“Initially, both students and tutors were disappointed at the prospect of losing out on the exhilaration of the final exhibition but there is no doubt, the impact of what was produced and the process that was undertaken has enriched practice in a profound, thoughtful and reflective way.”
Molly, Y3 student, said:
“I think in the studio, I work with loads of things and then play around, but actually weirdly, I think the ideas I had for this term’s work were possibly stronger because I had more time to think before I did, so there was a lot of more intention and personal input.”
As a result of building on the successful experience of delivering small practical art activities online, Suzy Tutchell has been delivering weekly online art drop-in sessions for Alana House clients (Reading-based women’s community project); it is hoped this will continue throughout the summer and into the autumn term as she seeks a funding source to create a community project with student support and involvement.
Going forward, the adapted online portfolio model has set a new premise for visual/sound assignment work in the future; Y2 art and music students will collaborate over the next academic year to produce a Y2 creative arts digital platform as part of their specialisms in school.
We are excited to announce two new courses for supporting successful learning in schools, one for primary and one for secondary.
These have been carefully curated by our Online Courses team and online social learning platform futurelearn.com,with the expert guidance of Professor Helen Bilton.
These courses draw on Professor Helen Bilton’s 35 years of experience in teacher training and education, including early years education, outdoor play and behaviour management.
Helen said “teaching assistants play an increasingly important role in the classroom. The courses are easy to participate in and available online so that there are as few barriers as possible to taking part.”
Helen Bilton’s goal in developing these free online courses is to provide accessible, interactive and educational resources for primary and secondary workers, where they can discover and discuss ideas and examples of good practice with one another.
Helen has designed a range of activities so that Learners leave the course feeling more knowledgeable and ready to try what they’ve learnt within their work.
Topics include how to manage a classroom and the psychology behind student behaviour. Learners will also hear first-hand from children and pupils about how they explore a learning environment.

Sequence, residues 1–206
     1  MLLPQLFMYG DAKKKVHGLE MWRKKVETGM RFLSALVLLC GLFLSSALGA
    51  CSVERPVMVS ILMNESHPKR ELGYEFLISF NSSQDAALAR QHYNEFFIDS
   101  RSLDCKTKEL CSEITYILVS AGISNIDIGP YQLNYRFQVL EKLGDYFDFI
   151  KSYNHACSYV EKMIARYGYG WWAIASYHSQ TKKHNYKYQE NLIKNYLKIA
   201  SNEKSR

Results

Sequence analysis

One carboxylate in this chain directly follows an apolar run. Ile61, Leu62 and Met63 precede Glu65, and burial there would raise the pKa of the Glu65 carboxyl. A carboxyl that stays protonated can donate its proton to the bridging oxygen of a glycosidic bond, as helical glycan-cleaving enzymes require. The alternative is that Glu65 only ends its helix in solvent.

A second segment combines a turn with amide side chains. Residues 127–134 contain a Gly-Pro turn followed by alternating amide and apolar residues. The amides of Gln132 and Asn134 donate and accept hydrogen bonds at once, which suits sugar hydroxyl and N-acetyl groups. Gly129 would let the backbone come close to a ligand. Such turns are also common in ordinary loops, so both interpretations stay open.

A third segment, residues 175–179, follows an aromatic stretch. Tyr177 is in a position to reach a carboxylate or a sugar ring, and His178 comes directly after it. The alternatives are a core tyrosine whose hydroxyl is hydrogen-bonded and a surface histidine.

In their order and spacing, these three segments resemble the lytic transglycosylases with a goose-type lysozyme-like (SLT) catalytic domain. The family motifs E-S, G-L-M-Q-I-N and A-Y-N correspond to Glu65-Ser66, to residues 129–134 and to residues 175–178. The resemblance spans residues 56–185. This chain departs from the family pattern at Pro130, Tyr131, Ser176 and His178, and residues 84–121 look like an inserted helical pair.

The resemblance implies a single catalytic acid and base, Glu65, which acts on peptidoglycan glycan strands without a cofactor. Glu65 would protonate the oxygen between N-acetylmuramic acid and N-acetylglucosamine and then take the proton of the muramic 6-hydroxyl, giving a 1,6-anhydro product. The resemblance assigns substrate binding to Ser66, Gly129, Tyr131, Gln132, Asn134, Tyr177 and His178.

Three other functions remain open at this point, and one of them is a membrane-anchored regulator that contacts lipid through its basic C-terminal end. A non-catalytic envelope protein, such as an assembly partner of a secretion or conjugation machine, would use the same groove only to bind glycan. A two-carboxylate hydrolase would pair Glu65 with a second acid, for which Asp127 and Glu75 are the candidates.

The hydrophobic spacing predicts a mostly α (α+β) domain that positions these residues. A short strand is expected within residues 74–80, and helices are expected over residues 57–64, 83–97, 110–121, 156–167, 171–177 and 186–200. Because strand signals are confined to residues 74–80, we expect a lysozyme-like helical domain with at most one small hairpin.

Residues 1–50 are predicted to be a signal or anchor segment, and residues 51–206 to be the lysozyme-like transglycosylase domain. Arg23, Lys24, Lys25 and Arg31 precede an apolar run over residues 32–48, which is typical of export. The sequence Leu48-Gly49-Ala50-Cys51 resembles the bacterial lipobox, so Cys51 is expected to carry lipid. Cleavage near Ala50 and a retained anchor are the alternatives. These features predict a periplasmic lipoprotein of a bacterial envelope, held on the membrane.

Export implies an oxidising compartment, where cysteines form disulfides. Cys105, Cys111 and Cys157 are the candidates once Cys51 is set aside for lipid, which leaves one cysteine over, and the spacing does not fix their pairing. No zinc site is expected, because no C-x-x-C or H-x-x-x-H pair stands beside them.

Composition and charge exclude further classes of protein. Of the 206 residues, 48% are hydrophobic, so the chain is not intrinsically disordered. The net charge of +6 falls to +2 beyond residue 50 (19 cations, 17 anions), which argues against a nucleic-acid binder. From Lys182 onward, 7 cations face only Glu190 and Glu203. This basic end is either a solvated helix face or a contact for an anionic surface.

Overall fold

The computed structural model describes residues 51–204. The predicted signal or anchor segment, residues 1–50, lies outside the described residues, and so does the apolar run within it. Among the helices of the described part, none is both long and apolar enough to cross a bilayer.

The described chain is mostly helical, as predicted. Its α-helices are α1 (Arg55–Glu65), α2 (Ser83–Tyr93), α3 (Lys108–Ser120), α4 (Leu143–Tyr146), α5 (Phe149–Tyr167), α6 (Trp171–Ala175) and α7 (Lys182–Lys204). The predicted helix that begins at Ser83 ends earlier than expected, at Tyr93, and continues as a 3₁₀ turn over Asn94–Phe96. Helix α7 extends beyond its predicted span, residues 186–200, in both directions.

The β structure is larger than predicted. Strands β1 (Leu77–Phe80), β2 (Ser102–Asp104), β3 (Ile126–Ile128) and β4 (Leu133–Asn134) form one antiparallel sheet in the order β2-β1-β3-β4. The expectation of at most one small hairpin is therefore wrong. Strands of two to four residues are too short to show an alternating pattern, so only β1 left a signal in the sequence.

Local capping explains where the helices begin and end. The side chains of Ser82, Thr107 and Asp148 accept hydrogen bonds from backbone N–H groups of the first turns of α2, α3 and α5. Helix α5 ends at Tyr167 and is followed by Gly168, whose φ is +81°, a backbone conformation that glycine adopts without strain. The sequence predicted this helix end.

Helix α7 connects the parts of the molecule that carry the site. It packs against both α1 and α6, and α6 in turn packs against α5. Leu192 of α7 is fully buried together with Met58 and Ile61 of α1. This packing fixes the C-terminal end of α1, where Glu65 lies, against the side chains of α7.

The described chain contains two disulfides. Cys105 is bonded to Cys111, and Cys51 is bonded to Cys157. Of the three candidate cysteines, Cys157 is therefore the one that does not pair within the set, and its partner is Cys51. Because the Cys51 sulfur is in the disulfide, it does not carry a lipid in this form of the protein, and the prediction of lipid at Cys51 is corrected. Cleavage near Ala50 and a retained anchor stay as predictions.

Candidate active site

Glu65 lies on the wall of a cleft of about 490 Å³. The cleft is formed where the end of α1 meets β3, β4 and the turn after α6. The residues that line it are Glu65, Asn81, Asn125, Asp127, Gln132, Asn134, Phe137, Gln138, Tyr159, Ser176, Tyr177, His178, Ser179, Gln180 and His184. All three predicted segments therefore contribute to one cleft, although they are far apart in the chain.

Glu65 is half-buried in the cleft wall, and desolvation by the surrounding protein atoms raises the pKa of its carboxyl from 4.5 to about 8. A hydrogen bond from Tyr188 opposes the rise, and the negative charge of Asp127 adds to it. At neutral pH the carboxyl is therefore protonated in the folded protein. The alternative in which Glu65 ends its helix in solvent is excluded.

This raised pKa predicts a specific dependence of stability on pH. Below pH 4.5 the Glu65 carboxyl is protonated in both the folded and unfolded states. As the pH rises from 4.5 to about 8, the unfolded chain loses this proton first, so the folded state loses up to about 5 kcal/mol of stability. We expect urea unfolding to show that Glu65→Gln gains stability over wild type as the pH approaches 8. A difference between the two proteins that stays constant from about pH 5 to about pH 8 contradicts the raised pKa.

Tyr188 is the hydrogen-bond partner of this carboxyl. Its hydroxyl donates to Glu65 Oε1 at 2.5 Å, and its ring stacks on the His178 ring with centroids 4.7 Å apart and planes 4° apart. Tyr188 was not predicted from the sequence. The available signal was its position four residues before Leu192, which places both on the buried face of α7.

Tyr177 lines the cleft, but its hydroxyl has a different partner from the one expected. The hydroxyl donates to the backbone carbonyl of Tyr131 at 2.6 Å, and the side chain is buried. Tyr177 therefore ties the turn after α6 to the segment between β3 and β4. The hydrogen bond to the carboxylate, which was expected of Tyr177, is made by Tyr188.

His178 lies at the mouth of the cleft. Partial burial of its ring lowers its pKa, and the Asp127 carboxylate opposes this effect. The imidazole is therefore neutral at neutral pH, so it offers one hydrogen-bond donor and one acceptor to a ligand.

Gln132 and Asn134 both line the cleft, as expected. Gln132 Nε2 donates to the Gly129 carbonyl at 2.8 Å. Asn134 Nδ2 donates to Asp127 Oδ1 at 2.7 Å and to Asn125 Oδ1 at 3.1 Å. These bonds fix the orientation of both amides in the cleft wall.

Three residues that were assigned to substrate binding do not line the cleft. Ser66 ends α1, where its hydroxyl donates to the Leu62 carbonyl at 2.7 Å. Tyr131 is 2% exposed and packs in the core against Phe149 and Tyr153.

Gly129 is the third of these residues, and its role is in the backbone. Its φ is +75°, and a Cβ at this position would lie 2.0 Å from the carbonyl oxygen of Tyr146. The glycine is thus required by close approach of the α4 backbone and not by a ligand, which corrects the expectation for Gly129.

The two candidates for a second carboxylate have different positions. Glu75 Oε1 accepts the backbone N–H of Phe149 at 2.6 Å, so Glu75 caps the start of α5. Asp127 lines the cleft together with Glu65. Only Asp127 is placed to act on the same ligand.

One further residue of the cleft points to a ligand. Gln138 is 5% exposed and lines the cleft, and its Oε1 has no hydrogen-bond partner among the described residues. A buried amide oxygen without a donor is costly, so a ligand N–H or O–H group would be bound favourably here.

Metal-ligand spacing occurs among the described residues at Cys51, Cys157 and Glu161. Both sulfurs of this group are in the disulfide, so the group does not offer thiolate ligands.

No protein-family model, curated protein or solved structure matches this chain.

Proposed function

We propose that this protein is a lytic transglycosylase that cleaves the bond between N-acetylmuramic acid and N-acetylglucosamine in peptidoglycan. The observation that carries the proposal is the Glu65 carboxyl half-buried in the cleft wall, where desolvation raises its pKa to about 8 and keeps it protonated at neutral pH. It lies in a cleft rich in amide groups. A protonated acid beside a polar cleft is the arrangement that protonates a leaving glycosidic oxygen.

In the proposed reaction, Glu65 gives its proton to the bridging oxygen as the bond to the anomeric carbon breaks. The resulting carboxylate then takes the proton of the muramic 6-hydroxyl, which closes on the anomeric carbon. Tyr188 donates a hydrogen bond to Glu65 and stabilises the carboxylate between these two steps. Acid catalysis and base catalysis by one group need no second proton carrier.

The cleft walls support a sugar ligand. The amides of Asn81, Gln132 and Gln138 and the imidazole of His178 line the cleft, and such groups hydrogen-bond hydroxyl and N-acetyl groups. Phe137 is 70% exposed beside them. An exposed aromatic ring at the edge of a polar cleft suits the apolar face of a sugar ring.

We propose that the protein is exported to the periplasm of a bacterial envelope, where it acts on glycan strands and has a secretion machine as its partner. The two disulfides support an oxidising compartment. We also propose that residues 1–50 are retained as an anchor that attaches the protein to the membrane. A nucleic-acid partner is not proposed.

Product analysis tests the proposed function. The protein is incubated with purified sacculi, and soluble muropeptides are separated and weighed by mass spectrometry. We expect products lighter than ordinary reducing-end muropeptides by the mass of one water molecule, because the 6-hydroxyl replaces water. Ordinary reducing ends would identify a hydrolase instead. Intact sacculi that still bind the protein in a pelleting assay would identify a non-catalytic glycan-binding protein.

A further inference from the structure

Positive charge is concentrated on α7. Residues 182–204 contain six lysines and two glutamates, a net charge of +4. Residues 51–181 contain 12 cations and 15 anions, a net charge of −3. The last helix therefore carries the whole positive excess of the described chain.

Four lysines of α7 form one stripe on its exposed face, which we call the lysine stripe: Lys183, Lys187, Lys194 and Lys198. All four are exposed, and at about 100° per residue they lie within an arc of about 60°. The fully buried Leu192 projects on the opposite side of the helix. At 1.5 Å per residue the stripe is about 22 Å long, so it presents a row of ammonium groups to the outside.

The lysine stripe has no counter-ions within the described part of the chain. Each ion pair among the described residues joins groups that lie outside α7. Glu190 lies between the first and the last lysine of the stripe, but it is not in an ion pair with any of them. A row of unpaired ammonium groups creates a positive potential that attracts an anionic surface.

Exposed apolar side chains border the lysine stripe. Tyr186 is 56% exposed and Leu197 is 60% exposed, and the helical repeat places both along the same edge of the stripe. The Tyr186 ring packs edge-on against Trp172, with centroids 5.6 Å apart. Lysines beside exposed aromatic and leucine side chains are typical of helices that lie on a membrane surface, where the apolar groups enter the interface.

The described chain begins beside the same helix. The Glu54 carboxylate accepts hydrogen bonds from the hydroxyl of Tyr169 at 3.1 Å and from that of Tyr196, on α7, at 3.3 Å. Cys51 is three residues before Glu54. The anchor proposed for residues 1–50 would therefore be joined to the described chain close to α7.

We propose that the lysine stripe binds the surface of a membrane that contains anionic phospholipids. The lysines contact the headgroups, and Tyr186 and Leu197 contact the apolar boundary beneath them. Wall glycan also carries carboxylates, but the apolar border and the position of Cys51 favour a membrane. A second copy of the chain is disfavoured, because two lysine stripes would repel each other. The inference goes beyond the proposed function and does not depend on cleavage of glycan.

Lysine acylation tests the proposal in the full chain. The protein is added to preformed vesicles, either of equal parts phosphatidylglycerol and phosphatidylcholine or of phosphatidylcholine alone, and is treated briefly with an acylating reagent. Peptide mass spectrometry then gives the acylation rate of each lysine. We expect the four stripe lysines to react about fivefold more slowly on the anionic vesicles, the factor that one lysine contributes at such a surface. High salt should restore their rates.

Both courses are now open for enrolment by following the link below and will begin on 22 April 2019.
We are delighted to announce the launch of our new film!
For those who are interested here’s the script:
Education, education education
It’s the most powerful tool we have
It has the ability to change who you are
Enable you to be whoever you want to be
To stretch you and empower you
It transforms how we think how we feel and how we behave
It can create thriving communities
Unlock passions that you might never have discovered
It changes our contribution to society
Alters the course of your life
And no one can take it away from you.
How we educate the next generation is the key to our future
Not only as individuals but also as a society.
That’s why at the University of Reading we are really committed to developing caring and professional practitioners
Carrying out world leading research
Training you to transform lives.
Become part of our global community and share our passion.
At the Institution of Education we practice what we teach.
This script resonates deeply with us here at the Institute of Education as we want to provide this generation and those to come with the skills to truly develop and succeed at whatever they aspire to.
We asked Professor Catherine Tissot, Head of the Institute of Education for her thoughts on the film and this is what she had to say:
“I’m really proud of this film as it captures the Institute of Education and who we are succinctly. This film shows the passion that staff here have for what we do best. It means a lot to us here at the Institute of Education and to me personally. My father used to say that education is the most powerful tool we have and that no one can take it away from you. This has stuck with me my entire life and it lies at the core of what we do here. I’ve shown the video to several people now and they all smile and sigh when the little girl says the line. It really is a powerful statement and she delivers it much better than I ever could!”
You may already know all about our filming this summer, with the images of school visits and film crews on our social media channels.
Our partners and staff went all-out to help us make this film and are due a big thank you, especially the fantastic partnership schools who helped us film: the Bulmershe School, Maiden Erlegh School and Christ the King Catholic Primary in Whitley.
Thanks also to two of our talented alumni: Laura Prime, now working as a Secondary Art and Design NQT and Tayla Sutton, a Primary School Direct trainee.
And very special thanks indeed go to the wonderful pupils who took part – we could not have made such a brilliant film without you!
Staff at the Institute of Education are often called upon to provide expert comment. They actively campaign for change so that passionate educational practitioners have the best environment to work in and that children continue to develop successfully.
Professor Helen Bilton was invited to London on Thursday 8 November 2018 to give her expert opinion on how to develop the early years education profession at the Westminster Education Forum ‘Next steps for early years education: developing the EYFS profile, assessment and priorities for strengthening the transition to primary education’